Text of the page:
MisterFischer, a fellow teacher and a reader of this blog, writes in offering his own ideas about how English class could change. I think he's going in the right direction, and I'm interested in thinking more about the "close reading of small passages." I should say that I'm not against "teaching reading in English class," and I 'd say his approach seems to me to still fall under that heading--but the idea that "teaching reading" isn't really possible, and so doesn't belong in English class, is close to what Harper Lee seems to suggest, and it's a provocative way to begin!
I'm wondering: what if we stopped teaching reading in English class? At some point in our pedagogical history, we started to pretend that we were college professors designing literature-based courses: American Literature; World Literature; European Literature. Why? Well, at some point (1910's?), college professors re-designed the HS English curriculum in their own image. The curriculum was designed for a select few (those who stayed in school after 14 instead of going to work) and, probably, for the purposes of weeding out the non-academic.
What if, instead, we went back (way back) to teaching rhetoric instead. That is, rather than using text as a springboard for pseudo-intellectual discussions (which are sometimes fun and enlightening, but often times vapid and used to hide the fact that the kids haven't really read the material), we use text to examine how text works and how to create text. We focus on close reading of small passages to help kids understand how text works--how are we manipulated and persuaded? how are we encouraged to like one character or one side of an argument? how do we use words to convince? to create a convincing character? Back to the Trivium! (or some modified version)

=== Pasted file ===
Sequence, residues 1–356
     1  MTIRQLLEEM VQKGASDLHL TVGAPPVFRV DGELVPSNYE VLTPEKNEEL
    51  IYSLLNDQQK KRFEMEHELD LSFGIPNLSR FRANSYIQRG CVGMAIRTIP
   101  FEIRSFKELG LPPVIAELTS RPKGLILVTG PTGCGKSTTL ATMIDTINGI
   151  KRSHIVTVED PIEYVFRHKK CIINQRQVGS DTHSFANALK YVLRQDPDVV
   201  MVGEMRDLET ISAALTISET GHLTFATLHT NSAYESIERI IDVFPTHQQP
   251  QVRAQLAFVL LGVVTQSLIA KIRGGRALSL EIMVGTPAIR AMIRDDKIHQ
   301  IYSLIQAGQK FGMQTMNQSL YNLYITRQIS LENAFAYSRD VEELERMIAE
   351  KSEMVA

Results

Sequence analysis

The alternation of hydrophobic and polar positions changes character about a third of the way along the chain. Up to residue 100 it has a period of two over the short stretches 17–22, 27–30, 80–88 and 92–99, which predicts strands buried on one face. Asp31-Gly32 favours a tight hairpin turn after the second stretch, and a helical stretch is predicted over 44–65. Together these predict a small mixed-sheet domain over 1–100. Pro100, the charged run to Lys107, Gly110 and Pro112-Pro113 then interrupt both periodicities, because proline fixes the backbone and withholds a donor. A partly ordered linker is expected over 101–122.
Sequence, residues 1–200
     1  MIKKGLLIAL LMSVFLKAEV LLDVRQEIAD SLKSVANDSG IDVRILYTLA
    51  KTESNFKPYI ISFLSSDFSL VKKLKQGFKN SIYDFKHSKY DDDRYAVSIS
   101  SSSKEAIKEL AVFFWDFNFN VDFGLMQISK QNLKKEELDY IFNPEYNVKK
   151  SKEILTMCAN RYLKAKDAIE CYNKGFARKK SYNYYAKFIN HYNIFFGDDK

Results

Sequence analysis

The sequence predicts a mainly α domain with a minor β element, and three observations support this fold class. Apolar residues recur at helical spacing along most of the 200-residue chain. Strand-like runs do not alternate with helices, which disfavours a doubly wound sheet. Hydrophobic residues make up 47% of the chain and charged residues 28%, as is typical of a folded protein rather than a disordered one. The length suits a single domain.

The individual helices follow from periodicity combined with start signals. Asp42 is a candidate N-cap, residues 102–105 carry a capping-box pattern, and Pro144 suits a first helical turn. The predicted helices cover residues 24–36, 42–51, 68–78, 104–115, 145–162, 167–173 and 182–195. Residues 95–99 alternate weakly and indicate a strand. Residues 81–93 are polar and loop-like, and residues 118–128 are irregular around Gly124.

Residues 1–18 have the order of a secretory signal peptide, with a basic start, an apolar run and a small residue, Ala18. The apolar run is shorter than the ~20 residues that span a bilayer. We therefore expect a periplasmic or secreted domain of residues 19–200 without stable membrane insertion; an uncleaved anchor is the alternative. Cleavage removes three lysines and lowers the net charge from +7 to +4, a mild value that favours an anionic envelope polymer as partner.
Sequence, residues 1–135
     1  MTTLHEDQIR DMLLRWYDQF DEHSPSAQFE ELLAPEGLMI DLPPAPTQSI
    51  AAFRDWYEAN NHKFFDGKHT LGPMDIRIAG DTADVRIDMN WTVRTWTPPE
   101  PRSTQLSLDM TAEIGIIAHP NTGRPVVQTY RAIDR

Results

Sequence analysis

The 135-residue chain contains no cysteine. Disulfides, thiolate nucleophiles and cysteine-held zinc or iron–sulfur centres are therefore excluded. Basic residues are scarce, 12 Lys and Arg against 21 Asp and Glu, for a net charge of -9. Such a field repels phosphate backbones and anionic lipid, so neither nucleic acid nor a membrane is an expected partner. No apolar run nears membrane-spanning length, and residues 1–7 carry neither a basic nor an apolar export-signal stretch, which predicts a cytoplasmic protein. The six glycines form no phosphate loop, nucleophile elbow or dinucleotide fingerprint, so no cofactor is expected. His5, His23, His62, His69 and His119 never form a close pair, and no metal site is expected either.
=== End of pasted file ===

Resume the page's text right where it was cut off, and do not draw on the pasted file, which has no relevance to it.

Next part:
As you've written everywhere, kids need to be reading as much as possible. But evidence (anecdotal and otherwise) seems to suggest that we teachers aren't helping matters. Will kids read on their own if we don't assign it or make them do it? THAT's a great question. Personally, I think that they will, with a little help. They need help finding the right books, and then more and more and more right books. Kids need to know how to go about finding the right books--and this is NOT in our school's curriculum anywhere. We teachers are OK with this; we know about literary books and a little about other books. But this isn't what most kids want to read. We need 50 more Robin Brenners and 100 more school librarians...or we need to do some hard thinking about how we can learn enough about what's out there to help guide the kids to the right books.
Do kids need to get credit or points or rewards for reading books? Maybe. Maybe not. They certainly need time. They need blocks in the day for reading and time at night for reading. They need to stop filling their time with the books we're assigning them and taking more time reading books that are more appropriate for them to be reading. This isn't to say that we shouldn't be pushing them to read more and more difficult texts; we can certainly do that. But clearly trying to make 25 kids read the same difficult text at the exact same time at the exact same pace isn't working.
So, as I see it, we need to stop teaching--assigning--reading so that kids can begin to read. We need to start doing something else (rhetoric is my vote) so kids can start doing what we want them to do, what we know they need to do, which is to read.